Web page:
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You are here: Contents > 2017 > Volume 26 Number 3 May 2017 > AORTIC VALVE DISEASE > Sutureless versus Transfemoral Transcatheter Aortic Valve Implant: A Propensity Score Matching Study

Sutureless versus Transfemoral Transcatheter Aortic Valve Implant: A Propensity Score Matching Study

Giuseppe Santarpino1,5, Ferdinand Vogt1, Steffen Pfeiffer1, Angelo M. Dell’Aquila2, Jürgen Jessl3, Federica Cuomo4, Che von Wardenburg1, Theodor Fischlein1, Matthias Pauschinger3, Johannes Schwab3

1Department of Cardiac Surgery, Paracelsus Medical University, Nuremberg, Germany
2Department of Cardiac Surgery, University Hospital, Münster, Germany
3Department of Cardiology, Paracelsus Medical University, Nuremberg, Germany
4Nuremberg Medical School, Nuremberg, Germany
5Electronic correspondence:

Background and aim of the study: Transcatheter aortic valve implantation (TAVI), especially via the transfemoral (TF) route, is increasingly performed in patients considered in the ‘gray zone’ between TAVI and surgery. However, the best treatment option in this patient population remains to be established.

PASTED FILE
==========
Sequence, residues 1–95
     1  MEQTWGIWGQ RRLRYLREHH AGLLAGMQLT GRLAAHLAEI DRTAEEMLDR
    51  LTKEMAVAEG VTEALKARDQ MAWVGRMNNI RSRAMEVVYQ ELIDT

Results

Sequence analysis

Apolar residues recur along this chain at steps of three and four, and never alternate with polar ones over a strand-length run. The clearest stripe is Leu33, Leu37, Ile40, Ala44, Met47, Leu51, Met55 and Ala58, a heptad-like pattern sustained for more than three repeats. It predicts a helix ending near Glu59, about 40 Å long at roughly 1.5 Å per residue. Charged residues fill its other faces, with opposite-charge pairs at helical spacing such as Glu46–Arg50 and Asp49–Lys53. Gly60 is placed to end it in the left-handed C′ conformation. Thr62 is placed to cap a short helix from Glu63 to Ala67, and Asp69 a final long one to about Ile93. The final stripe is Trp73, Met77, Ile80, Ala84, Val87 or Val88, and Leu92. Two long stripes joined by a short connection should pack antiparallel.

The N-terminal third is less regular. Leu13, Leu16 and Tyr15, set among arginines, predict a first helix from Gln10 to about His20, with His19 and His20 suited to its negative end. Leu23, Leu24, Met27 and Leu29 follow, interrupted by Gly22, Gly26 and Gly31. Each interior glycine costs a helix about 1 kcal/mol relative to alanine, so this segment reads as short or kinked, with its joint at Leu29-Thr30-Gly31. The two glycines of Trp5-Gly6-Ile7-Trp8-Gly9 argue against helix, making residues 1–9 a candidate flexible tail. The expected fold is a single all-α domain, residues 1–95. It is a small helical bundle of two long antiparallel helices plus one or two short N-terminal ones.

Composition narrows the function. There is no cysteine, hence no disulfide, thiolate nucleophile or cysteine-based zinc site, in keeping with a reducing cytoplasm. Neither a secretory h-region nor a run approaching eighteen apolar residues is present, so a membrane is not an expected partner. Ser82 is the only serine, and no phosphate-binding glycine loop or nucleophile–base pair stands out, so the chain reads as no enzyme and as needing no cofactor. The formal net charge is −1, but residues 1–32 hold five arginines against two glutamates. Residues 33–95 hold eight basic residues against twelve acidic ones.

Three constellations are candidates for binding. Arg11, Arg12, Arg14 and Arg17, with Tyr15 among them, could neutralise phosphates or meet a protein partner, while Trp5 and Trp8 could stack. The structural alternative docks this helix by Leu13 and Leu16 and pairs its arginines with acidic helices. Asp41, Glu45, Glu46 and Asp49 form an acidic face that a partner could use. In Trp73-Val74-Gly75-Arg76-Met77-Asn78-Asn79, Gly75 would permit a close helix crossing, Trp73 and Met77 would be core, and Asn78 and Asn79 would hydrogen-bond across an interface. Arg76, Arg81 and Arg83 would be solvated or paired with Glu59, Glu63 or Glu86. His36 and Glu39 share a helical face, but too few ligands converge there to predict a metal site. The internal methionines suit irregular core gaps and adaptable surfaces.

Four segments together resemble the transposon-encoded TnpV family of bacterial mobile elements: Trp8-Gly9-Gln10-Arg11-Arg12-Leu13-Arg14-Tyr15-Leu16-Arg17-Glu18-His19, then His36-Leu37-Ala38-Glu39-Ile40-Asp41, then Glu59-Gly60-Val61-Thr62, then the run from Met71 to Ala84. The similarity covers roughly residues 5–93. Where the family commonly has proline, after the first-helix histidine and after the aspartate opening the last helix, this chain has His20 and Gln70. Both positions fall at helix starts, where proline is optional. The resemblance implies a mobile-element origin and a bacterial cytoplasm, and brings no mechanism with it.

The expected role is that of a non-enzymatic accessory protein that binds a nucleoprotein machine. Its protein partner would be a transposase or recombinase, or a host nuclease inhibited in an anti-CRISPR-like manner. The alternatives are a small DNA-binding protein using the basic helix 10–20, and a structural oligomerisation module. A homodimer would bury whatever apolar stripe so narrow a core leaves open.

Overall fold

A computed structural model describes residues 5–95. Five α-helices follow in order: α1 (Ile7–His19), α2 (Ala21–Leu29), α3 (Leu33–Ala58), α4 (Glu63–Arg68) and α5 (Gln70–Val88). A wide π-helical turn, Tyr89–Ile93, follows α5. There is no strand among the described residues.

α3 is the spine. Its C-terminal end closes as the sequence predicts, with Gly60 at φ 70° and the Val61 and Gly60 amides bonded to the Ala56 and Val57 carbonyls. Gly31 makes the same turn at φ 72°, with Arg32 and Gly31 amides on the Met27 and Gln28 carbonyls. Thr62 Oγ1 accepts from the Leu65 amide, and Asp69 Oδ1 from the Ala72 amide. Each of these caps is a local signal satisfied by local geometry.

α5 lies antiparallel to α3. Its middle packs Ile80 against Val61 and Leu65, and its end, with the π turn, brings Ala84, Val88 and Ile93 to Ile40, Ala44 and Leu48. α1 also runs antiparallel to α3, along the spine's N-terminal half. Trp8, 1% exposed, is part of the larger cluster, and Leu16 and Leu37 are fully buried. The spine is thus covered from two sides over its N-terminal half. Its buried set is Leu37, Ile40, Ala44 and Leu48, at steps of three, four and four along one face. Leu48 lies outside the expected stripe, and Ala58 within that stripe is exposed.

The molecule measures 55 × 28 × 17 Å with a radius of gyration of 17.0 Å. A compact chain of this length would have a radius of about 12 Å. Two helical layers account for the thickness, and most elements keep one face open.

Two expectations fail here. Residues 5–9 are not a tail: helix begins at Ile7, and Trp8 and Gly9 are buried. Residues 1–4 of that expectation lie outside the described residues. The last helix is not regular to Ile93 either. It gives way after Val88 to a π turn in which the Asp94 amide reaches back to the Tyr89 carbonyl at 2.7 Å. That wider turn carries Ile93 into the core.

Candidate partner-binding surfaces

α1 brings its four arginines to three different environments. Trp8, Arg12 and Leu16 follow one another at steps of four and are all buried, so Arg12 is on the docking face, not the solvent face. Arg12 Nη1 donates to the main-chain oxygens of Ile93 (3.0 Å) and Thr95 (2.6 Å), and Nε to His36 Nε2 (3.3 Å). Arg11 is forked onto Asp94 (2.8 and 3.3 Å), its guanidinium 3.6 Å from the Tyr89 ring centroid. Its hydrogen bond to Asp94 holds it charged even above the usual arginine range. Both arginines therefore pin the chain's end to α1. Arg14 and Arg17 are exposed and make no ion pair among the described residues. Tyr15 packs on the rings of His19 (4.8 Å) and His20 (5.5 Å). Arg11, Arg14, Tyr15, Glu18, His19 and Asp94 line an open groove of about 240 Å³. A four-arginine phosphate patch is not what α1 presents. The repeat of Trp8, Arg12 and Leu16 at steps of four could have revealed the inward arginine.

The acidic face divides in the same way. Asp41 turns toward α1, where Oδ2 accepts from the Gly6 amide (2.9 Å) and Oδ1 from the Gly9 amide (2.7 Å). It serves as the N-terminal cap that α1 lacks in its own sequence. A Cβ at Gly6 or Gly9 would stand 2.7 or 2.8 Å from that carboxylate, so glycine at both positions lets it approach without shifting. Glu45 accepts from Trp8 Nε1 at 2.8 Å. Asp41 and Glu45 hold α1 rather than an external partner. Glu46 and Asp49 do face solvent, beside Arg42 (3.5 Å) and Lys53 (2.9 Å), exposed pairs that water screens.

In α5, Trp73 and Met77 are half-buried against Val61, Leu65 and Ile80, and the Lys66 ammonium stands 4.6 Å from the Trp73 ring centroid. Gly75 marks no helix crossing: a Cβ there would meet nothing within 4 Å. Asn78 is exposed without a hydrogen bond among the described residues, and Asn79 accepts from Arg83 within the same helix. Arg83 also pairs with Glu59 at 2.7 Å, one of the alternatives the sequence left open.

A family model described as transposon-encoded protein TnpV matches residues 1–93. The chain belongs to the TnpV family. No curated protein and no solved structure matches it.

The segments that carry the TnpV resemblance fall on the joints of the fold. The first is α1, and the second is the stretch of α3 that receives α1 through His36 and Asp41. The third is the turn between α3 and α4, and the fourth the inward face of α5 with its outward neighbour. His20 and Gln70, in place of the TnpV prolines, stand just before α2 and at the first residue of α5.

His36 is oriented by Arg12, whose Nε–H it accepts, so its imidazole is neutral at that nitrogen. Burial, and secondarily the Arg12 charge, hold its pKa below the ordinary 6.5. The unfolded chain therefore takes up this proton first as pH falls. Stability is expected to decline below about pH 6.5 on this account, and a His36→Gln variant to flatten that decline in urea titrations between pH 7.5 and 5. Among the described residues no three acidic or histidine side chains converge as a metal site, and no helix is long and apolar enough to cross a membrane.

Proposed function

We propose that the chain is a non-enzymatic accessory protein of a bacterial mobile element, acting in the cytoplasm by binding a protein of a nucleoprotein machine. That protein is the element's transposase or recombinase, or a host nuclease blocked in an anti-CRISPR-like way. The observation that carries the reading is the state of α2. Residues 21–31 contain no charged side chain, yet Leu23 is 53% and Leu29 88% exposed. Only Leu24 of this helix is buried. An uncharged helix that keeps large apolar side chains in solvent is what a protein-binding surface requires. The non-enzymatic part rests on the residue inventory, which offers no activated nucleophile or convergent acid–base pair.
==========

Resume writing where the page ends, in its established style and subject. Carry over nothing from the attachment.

Methods: Since 2010, a total of 923 patients underwent either TAVI (n = 538) or sutureless aortic valve replacement (AVR) (n = 385) at the authors’ institutions. Among these patients, 79 treated with TF-TAVI were compared with 79 propensity score-matched patients who had undergone elective isolated AVR with the sutureless Perceval bioprosthesis.

Results: In-hospital mortality did not differ significantly between patients who underwent sutureless AVR or TF-TAVI (none versus three; 3.8%; p = 0.123). Similarly, postoperative complications were comparable between groups. Atrioventricular block requiring postoperative pacemaker implantation occurred in seven patients (9.2%) of the sutureless group and in eight patients (11.1%) of the

TF-TAVI group (p = 0.455). The use of blood products varied between groups in terms of red blood cell transfusions (1.7 ± 2 versus 0.3 ± 0.9 units for the sutureless group versus TF-TAVI group; p <0.001). Paravalvular leakage at discharge was present in three patients (3.8%) in the sutureless group and in 26 patients (32.9%) in the TF-TAVI group (p <0.001). The mean follow up was longer for sutureless AVR (36 ± 21 versus 27 ± 20 months; p = 0.003). Survival rates were 97.5% and 84.8% in the sutureless and TF-TAVI groups, respectively (p = 0.001).

Conclusion: Both, TF-TAVI and sutureless AVR are well-standardized, safe and effective procedures. TF-TAVI seems to be a valuable alternative to surgical AVR for frail patients, reducing the need for perioperative blood transfusion. In contrast, in patients with a favorable long-term survival outcome, minimally invasive AVR remains the procedure of choice as it is associated with better long-term results.

The Journal of Heart Valve Disease 2017;26:255-261

Sutureless versus Transfemoral Transcatheter Aortic Valve Implant: A Propensity Score Matching Study

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